At Think Productive, one of our values is “we walk our talk”. It has two benefits: Firstly, it means we talk with authorityand credibility when we’re running workshops and in sales conversations organisations can see the benefits by observing how we work as the role models for all this stuff. But secondly, since people expect the guy with “Productivity Ninja” as a job title to answer his emails and follow through with clarity on actions, it becomes the biggest accountability we need to keep ourselves at the top of our game. It creates an expectation that we need to be uber-productive, every single working day. Even the ones when you’d rather crawl underneath the desk and hide, or have a little kip.
I love this accountability. I love it because I’m naturally pretty lazy, and I love the momentum it sweeps me along with, especially when I’d rather be under the desk.
But this month it’s been different. I’ve abandoned all of my usual systems. I have no Toodledo acount, I’ m acting on instinct, I’m spending more time in my email, yet conversely piling it up rather than keeping it at zero. It’s actually been really hard to undo good habits.
I don’t think I’ve achieved very much this month, but what’s been interesting has been my reactions and feelings as I’ve lived in the chaos. I think there’s a bit of a narrative arc to how I’ve been feeling, but some of these thoughts are sporadic and return every few days. So here’s a little list, in a semi-narrative arc of an order:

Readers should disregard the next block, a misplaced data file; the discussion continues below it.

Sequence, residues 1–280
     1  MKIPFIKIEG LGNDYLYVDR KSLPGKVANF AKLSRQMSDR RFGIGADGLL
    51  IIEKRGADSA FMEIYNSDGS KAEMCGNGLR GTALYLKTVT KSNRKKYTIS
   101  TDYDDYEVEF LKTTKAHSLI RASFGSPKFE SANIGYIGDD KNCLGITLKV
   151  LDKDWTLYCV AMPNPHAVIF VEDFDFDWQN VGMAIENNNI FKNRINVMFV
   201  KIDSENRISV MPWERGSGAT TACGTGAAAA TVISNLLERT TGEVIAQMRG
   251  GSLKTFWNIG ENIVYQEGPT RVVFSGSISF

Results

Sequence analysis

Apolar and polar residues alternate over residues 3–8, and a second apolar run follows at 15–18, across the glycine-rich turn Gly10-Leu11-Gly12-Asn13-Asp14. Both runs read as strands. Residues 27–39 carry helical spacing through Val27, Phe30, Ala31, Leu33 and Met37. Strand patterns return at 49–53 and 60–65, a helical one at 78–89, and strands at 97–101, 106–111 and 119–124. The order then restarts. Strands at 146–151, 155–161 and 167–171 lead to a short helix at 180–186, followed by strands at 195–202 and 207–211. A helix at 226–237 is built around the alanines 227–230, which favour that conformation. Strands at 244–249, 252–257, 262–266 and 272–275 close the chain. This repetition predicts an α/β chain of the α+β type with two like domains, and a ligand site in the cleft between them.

The relinquishing of the accountability syndrome, even for just a few short weeks, has actually at times been quite lovely. With internal expectation levels lowered, if I’ m honest, it’s been great to be my own, flaky self at certain times. I’m a pretty “all in” kind of guy: if I’m focussed on something, I really focus on it. But that means you have to have periods of letting the field go fallow. The rest and recuperation, the space to recharge and refill the creative well, is naturally compromised by an expectation of constant high standards of delivery. Perhaps the western working world needs to view sporadic, high energy delivery as the yardstick for success, rather than expecting us all to be on top form, all of the time.
I’ve found it so hard to concentrate. I know there’s important stuff to be done. I just can’t fully remember what it is. And it makes me feel so bloody guilty some days. Everyone else is expected to be working really hard. Because that’s the Think Productive way.
I get it. I hear you scoffing. “I should get everything out of my head and into a second brain that I trust”. Yes, I wrote about all this stuff and have spent the last four years banging on about the importance of it. But deliberately ditching all of this was my conscious decision to see how it affects me. Turns out I was right all along. Interestingly, I hadn’t been valuing my lists that much this year (I’ve missed a few reviews, gone a few days without needing or wanting to ‘check in’ with my lists), but a little bit of absence and my heart is growing much, much fonder. I can’t wait to get into some semblance of control – which, unlike my early career years, is my definition of normality not nirvana.
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